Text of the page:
One member referred to recent media reports of NRA infighting and allegations of misspending and declared that press coverage was essential to the debate because organizational leadership was “secretive.”

Finally, the question was called to end the raucous meeting. The resolution of dissatisfaction, specifically with LaPierre and the directors, was referred to the Board and its various committees for investigation.

State Senator Jack Sandlin, a Republican from Indianapolis and former Indianapolis Police Department commander, is a lifetime NRA member.

“I would say that the NRA, like any other organization that stands as a not-for-profit entity in our country, should have relatively open accountability to its members, and I’m looking forward to somebody in the organization stepping up and saying, ‘We’re going to take a look and give our members our report,’” Sandlin said.

During a pro-2nd Amendment rally at the statehouse, NRA member Ricky Rowland of Edinburg said he was unaware of the NRA leadership infighting but was interested in knowing how his dues were being spent.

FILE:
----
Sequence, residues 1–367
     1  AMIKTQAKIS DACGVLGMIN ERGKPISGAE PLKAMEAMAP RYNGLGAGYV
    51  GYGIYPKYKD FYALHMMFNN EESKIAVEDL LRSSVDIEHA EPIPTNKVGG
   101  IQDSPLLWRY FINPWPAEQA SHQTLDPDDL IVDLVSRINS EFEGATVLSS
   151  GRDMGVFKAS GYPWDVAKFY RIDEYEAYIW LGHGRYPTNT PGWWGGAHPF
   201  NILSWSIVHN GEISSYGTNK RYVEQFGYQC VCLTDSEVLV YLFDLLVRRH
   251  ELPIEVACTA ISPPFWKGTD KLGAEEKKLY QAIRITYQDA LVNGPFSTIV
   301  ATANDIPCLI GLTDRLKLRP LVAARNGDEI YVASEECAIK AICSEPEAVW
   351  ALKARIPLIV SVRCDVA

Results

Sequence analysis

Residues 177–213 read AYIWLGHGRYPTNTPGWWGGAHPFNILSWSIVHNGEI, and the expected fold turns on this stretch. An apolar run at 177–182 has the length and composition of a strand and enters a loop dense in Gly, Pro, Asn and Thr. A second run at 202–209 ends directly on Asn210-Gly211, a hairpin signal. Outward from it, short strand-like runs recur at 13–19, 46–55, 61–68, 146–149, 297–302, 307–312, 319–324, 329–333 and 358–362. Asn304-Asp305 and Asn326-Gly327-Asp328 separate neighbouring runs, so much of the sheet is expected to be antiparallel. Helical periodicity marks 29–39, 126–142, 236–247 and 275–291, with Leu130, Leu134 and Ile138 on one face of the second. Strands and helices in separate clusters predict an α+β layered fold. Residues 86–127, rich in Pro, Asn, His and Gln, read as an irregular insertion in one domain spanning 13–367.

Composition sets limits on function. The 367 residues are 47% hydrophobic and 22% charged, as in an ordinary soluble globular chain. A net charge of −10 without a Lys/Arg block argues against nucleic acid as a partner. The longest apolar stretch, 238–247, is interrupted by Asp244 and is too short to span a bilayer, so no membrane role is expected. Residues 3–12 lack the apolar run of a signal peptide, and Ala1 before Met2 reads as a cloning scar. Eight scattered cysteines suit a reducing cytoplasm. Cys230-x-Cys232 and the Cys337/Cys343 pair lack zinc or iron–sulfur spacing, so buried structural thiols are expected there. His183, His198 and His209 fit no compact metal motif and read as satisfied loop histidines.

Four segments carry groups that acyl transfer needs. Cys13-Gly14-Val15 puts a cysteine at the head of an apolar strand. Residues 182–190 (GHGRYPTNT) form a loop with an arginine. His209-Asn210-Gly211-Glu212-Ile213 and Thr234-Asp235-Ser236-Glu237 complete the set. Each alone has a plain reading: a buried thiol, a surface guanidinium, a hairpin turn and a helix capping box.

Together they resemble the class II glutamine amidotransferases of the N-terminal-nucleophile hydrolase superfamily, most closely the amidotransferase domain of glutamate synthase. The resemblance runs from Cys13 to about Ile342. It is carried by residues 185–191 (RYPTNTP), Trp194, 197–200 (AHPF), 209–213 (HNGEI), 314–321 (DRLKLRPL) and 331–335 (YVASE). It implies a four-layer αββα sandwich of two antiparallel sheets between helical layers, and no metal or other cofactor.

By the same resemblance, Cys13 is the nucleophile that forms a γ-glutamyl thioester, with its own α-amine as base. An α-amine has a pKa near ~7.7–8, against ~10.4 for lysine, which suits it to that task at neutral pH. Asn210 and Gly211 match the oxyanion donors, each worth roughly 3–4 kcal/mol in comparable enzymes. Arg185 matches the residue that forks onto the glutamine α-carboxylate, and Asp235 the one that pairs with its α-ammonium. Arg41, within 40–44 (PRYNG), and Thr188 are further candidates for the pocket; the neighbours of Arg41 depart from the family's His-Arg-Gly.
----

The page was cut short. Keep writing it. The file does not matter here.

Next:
“I understand people being upset wanting to know what’s going on and wanting to know where the money is going, if there’s faults and there’s things going on that’s not being showed to everybody,” Rowland said.

In reaction to the NRA internal battle in Indianapolis, Rachel Guglielmo of Moms Demand Action For Gun Sense in America, said, “We are definitely taking note with interest at the way that NRA leadership is falling upon each other, but we are very focused on our ongoing organizing work that is going to provide the counterweight to the problems raised by the NRA leadership over time.”

Legendary rocker and NRA Board Member Ted Nugent was among those in attendance at the members meeting.

Here is the full text of Tate's resolution: